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I understand how the US Supreme Court can control executions in a state due to violations of the US Constitution, supreme law of the land and all that stuff. I understand the US may be part of a compact or treaty giving certain jurisdiction to the WC. But does the Great State of Texas have to recognize judgments or orders of the WC in carrying out its penal laws? Can the federal government of these united states interfere with a state's chosen form of punishment if the trial procedure violated only an international treaty? Will the WC have to interpret the Tenth Amendment to decide Mexico's case? Will the US Supreme Court ultimately have to tell us whether an injunction from the WC is enforceable? Or did Arizona already decide all these things for us?
 
Posts: 2346 | Registered: February 07, 2001Reply With QuoteReport This Post
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Martin, treaties signed by the President and approved by the Senate are law of the land, and binding on the States via the supremacy clause. That aside, the United States is not party to a treaty that allows a foreign body to somehow prevent an execution.

Consular notification is an agreement among the signatory governments to treat the citizens of those governments according to the terms of the agreement if they are arrested. Only that. And the treatment required depends upon the version signed by the government of the citizen in question. For example, if a Russian (fomer Soviet) is arrested, the police must inform the Russian government. On the other hand, a citizen of a country signing the other version need only be told of his right to notify his consul of the arrest. As long as the Supreme Court and state courts continue to recognize consular notification as a right of the signatory countries rather than an individual right (which is what the treaty states), there is no legal error that should lead to suppression of evidence or a new trial.

We've won these claims so far, even the ones referencing the Arizona case, LaGrande. We haven't signed onto the World Court, right? Therefore it can't be supreme law of the land applicable to us.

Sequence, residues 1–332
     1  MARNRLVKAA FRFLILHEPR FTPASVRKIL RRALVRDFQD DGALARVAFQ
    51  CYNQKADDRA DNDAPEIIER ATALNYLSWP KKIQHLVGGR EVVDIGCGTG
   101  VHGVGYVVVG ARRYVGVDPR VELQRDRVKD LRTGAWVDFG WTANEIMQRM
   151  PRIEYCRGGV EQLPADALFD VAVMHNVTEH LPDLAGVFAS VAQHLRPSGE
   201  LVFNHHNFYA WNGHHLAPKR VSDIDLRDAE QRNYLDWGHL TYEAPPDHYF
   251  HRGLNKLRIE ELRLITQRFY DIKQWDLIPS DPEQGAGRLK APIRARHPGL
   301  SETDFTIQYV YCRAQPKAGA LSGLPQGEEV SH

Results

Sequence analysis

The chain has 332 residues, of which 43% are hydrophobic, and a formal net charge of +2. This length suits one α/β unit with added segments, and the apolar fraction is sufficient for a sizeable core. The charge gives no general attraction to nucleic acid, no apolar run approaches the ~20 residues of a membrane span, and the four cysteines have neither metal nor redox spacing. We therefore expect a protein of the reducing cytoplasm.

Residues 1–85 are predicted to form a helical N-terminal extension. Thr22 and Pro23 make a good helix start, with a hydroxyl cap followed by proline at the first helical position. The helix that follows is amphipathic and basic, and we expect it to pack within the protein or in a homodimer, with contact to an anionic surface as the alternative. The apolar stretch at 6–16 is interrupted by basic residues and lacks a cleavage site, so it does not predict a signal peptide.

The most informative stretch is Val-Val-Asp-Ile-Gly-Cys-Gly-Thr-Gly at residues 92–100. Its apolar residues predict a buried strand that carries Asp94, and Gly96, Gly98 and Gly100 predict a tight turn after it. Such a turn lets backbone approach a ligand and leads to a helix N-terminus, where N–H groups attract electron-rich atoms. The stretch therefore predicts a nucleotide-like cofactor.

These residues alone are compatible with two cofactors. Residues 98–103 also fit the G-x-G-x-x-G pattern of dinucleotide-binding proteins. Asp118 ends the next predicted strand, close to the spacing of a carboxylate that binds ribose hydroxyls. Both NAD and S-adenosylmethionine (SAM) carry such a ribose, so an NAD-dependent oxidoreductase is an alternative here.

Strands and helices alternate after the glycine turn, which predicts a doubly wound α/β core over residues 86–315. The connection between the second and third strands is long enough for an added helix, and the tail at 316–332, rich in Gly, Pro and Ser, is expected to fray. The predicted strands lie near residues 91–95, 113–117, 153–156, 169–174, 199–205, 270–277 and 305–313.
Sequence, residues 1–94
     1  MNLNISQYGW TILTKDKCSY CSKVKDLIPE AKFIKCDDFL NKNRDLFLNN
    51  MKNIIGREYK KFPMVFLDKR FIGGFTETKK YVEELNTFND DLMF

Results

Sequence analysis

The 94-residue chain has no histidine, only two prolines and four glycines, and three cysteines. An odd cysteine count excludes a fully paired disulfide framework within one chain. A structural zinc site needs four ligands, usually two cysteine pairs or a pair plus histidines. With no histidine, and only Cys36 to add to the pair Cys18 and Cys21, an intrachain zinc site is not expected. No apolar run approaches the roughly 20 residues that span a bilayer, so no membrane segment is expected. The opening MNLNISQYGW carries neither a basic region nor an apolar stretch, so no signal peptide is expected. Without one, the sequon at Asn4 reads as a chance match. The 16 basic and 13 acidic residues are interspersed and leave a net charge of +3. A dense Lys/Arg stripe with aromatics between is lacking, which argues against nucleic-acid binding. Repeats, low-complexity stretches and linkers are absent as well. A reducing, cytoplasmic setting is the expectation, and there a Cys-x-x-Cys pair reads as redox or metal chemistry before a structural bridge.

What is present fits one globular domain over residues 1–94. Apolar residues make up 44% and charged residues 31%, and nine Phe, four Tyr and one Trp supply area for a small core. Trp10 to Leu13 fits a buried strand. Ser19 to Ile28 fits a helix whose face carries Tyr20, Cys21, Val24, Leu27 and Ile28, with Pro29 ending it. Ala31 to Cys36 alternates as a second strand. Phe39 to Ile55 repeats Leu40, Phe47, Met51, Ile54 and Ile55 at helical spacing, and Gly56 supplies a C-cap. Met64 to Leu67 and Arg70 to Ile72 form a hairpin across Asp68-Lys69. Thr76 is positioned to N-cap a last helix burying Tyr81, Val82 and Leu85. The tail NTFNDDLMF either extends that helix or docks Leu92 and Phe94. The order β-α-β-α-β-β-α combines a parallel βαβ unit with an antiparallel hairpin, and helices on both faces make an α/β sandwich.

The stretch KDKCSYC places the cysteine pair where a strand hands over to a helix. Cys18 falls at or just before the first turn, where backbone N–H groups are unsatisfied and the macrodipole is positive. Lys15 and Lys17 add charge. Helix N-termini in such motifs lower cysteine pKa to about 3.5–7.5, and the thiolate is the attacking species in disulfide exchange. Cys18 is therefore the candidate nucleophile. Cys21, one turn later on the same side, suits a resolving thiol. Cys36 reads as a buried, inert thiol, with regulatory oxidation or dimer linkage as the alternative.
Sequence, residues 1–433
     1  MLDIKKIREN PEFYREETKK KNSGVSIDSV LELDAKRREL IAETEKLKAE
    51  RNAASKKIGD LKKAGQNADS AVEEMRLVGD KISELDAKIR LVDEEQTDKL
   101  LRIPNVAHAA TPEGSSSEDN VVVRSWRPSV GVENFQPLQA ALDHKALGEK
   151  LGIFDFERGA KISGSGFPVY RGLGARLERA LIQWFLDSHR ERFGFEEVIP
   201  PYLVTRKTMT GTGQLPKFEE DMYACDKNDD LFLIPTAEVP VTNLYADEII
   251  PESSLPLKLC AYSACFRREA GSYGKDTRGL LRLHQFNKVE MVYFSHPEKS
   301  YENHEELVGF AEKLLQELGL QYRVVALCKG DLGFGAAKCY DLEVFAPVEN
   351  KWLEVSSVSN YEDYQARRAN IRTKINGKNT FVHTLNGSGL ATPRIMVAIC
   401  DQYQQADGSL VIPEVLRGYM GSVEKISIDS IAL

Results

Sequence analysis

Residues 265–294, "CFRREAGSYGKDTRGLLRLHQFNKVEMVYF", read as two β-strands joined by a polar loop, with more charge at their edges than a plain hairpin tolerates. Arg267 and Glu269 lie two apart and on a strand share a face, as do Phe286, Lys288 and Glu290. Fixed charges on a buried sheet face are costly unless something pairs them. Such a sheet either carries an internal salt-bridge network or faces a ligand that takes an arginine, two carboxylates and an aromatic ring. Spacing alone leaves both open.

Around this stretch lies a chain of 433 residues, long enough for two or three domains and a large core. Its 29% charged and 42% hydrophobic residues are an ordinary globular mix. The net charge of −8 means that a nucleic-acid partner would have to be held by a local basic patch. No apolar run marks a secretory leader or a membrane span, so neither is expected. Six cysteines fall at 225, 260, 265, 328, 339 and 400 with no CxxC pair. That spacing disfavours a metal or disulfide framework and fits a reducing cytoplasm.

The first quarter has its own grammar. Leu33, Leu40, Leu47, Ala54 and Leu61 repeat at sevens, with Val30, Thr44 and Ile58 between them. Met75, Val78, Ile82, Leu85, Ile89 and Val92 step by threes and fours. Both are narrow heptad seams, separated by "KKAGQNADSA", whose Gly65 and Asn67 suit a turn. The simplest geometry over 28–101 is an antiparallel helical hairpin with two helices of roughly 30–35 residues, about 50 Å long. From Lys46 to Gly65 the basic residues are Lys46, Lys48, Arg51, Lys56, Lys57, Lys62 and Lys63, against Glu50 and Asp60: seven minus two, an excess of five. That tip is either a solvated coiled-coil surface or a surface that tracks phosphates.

The sticky point, as it has always been, is that if we don't treat foreign citizens according to these treaties, why should we expect foreign countries to treat our citizens according to these treaties? Thus, we should encourage our police departments to comply with Consular Notification because it is important law. And we should be careful that our prosecutorial decisions don't denigrate that law.
 
Posts: 2129 | Location: McKinney, Texas, USA | Registered: February 15, 2001Reply With QuoteReport This Post
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Ah, but is a treaty approved by the Senate which purports to yield to an international body a power reserved to the States under the Tenth Amendment an unconstitutional act by the Senate, and therefore of no force and effect? Are your local police officials familiar with all the treaties or agreements which might affect how a foreign national should be treated upon arrest?
 
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John Davis addressed the 10th Amendment issue in a paper he wrote a couple years back during another Consular Notification flap. I think it was in the TDCAA Magazine.

The State Department Website has some useful documents for law enforcement agencies regarding consular notification, including updates lists of consular offices, which countries require which type of notification, and written notifications in dozens of different languages. http://www.state.gov/www/global/legal_affairs/ca_notification/ca_prelim.html
I thought that we adopted a consular notification warning for the magistrate's warnings last session, but I couldn't find it in the Code.

Your concerns about the federal government violating State's rights via a treaty are shared by many senators and administrations. I'm unaware, though, of the Supreme Court striking down a treaty provision on the basis that the provision dealt with an area reserved to the States. It seems a possibility. It seems far more likely that the Supreme's would strike a treaty on that ground than allow foreign countries to impose their own values on us via one of the many treaties we've signed.